MD5 – This is when I first started playing at my local shop. I had a winning draft and standard record, mostly because my town had something like 15 regular players, none of whom had ever played outside my suburb.

CBS – My first year of college. Not much going on.

RGD – I played my fair share of drafts at Mayhem in Ames, and a few during my summer back on the east coast. I didn’t know any of the good players from Ames, but they weren’t around very often so the events were easy. At the end of this year I sold my collection and got out of the game.

Alara – I won the release event for Shards of Alara, taking home a box. I then proceeded to do something like 40 drafts off the winnings from that box alone. You’ll note that I performed worse this year than during RGD, and I mostly attribute this to hanging out with the better players, who started crushing me on a daily basis.

ZEN – Fortunately, a good crushing is healthy, and all the lessons i learned in the past year started paying off. I moved to Cedar Rapids, which was a much softer environment than Ames, leaving me free to tromp the domains with all my newfound skills. I got better in pretty much every format, and actually had my best PTQ season record, despite only having two or three top8s across the whole year.

Scars – I took a big hit, likely for two reasons – One: I hated the sealed format. Drafting was awesome, but I got crushed in back-to-back-to-back-to-back sealed PTQs. And two: I chose not to play Cawblade when there was an option to play Cawblade. You can see how that went.

INN – A big change happened this year – Planeswalker Points. That meant i was drafting more, FNMing more, etc. I also had my fair share of shitty GPs, including my 0-5 at GP Indy.

RTR- The numbers show this as my best win-rate, and it certainly feels like it. Best standard win rate overall which makes sense given my past season. I went down a little bit in quite a few categories though. Sealed in this format was a lot harder than Innistrad. My prereleases also didn’t go well, contributing to my drop in that field. I did significantly fewer drafts outside of our team events.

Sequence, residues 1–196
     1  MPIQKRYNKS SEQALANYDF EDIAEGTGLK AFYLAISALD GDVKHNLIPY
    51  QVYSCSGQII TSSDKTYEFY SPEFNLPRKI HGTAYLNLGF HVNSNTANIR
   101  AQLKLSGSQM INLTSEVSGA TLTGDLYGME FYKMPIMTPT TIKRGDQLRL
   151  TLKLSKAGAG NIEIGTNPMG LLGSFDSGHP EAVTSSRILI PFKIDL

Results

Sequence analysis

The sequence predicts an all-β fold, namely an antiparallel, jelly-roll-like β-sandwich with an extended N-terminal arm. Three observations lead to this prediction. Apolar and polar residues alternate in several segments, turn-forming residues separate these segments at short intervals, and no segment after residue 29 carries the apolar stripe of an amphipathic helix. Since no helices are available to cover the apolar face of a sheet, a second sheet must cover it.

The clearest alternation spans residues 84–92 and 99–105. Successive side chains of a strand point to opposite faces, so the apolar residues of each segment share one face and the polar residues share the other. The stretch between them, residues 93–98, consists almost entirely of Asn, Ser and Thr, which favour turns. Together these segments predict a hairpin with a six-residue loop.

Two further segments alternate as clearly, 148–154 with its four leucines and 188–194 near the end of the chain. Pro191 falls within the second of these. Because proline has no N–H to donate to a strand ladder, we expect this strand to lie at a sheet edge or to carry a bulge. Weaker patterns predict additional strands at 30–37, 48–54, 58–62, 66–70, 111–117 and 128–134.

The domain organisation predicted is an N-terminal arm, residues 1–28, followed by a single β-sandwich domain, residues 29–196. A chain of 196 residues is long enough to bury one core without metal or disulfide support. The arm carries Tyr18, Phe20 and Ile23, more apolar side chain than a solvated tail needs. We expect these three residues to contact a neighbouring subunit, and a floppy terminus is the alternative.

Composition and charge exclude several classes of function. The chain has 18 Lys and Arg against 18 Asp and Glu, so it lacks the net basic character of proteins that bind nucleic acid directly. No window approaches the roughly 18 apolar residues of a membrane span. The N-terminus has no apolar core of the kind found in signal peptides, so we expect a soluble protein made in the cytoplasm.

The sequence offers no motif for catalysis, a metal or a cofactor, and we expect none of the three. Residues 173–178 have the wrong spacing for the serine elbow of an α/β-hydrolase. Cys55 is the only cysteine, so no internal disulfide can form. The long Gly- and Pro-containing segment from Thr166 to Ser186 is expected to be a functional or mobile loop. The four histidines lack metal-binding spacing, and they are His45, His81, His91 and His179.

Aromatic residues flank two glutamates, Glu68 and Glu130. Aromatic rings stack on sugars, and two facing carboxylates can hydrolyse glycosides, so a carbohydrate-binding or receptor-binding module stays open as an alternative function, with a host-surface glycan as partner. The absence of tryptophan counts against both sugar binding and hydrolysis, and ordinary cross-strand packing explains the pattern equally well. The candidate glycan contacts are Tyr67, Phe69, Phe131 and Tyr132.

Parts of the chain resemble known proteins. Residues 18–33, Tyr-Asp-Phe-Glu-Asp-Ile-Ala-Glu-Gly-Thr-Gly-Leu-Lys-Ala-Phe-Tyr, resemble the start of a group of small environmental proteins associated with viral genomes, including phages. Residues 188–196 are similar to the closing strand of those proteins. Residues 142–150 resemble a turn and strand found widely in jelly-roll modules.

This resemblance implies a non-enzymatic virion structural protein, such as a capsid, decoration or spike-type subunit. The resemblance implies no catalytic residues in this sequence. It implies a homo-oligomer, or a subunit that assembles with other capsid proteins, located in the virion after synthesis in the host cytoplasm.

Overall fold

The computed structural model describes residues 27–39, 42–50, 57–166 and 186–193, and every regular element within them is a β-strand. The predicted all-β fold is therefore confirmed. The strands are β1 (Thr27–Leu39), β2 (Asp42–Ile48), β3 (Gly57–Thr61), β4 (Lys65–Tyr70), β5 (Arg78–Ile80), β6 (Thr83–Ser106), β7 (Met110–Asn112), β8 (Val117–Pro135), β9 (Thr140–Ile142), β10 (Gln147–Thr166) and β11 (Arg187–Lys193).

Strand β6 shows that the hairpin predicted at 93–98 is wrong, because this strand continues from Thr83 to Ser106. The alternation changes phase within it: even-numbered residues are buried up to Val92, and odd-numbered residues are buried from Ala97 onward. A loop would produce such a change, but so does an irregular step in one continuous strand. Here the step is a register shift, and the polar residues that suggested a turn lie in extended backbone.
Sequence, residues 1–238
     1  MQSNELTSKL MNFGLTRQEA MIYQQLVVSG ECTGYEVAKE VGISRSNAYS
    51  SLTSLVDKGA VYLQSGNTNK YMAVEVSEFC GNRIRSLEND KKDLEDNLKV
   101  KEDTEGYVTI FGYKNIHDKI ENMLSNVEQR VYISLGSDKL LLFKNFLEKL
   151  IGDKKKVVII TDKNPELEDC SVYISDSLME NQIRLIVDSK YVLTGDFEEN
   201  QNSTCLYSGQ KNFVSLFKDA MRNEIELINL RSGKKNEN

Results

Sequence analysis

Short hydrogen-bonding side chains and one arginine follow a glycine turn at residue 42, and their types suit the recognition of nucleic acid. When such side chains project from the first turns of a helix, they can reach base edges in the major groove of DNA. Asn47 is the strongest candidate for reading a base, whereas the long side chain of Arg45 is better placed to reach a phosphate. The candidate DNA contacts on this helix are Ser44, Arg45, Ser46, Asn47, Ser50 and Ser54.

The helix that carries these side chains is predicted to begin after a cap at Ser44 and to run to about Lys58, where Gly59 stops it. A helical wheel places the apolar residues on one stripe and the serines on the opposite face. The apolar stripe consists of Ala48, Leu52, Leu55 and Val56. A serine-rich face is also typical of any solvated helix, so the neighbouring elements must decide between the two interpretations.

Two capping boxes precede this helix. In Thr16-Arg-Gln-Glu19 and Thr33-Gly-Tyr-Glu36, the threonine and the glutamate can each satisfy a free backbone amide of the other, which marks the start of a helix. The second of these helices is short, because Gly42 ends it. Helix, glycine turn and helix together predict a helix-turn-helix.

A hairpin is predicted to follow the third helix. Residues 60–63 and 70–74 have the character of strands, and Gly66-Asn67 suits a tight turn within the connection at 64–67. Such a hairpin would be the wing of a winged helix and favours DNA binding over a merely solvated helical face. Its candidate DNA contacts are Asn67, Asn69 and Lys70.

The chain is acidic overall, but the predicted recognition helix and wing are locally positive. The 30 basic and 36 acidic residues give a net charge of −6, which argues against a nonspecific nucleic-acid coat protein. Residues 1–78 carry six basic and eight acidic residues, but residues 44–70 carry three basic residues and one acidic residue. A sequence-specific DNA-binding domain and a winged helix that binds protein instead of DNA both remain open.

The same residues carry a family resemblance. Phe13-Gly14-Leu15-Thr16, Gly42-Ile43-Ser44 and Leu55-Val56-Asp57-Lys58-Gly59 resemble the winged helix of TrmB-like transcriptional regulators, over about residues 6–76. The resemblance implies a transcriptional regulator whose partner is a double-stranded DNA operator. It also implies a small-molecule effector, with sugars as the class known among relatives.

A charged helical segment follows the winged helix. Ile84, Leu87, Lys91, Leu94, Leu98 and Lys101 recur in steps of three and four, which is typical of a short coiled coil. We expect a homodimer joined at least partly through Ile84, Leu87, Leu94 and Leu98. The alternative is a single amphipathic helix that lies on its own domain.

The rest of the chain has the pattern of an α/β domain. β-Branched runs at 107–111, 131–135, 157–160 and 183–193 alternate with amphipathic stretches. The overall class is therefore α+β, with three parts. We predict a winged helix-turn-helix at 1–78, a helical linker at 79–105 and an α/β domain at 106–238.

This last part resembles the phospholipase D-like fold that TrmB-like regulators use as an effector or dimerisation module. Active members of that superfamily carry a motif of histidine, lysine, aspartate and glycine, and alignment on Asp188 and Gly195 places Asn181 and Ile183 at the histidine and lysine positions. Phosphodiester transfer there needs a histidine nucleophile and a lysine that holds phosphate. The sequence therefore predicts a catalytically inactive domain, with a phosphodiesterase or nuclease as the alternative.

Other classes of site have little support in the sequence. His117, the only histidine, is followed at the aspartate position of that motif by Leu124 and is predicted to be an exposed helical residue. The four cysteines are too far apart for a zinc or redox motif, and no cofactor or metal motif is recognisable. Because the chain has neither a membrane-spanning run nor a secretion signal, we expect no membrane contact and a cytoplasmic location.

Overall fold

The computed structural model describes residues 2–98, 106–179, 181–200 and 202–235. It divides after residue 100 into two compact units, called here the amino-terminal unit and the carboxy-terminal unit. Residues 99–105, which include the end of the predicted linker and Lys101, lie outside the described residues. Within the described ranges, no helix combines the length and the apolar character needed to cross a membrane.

I also want to note that my win rate in Modern is more than 70% and I’ve never top8’d a modern PTQ, even across more than a dozen events.

A few charts to show my progress.

This is my total win rate over time. I cut out those two years where i played seven total matches. Both creeping upwards and stabilizing, which makes me optimistic.

PTQ win rate, which is all over the place. If i had taken the Scars season more seriously, I think i’d have much better numbers overall.

Standard looks very similar to my PTQ rate in recent years, but had a much easier start, as should be expected.

My draft numbers have trended downwards, which i’m going to blame on drafting with better people in real events. I repeatedly got crushed in GTC and DGR events, so I’m looking forward to turning these numbers around in the next few months.

This song is the nuts:


How To Brainstorm in Iowa City

In the vein of:


If you’re on here, it means that I like you and I think you can take a joke. No offense meant.

If you’re not on here, it doesn’t mean the opposite. I just can’t think of anything to say about the way you play that’s entertaining.

Alex Ledo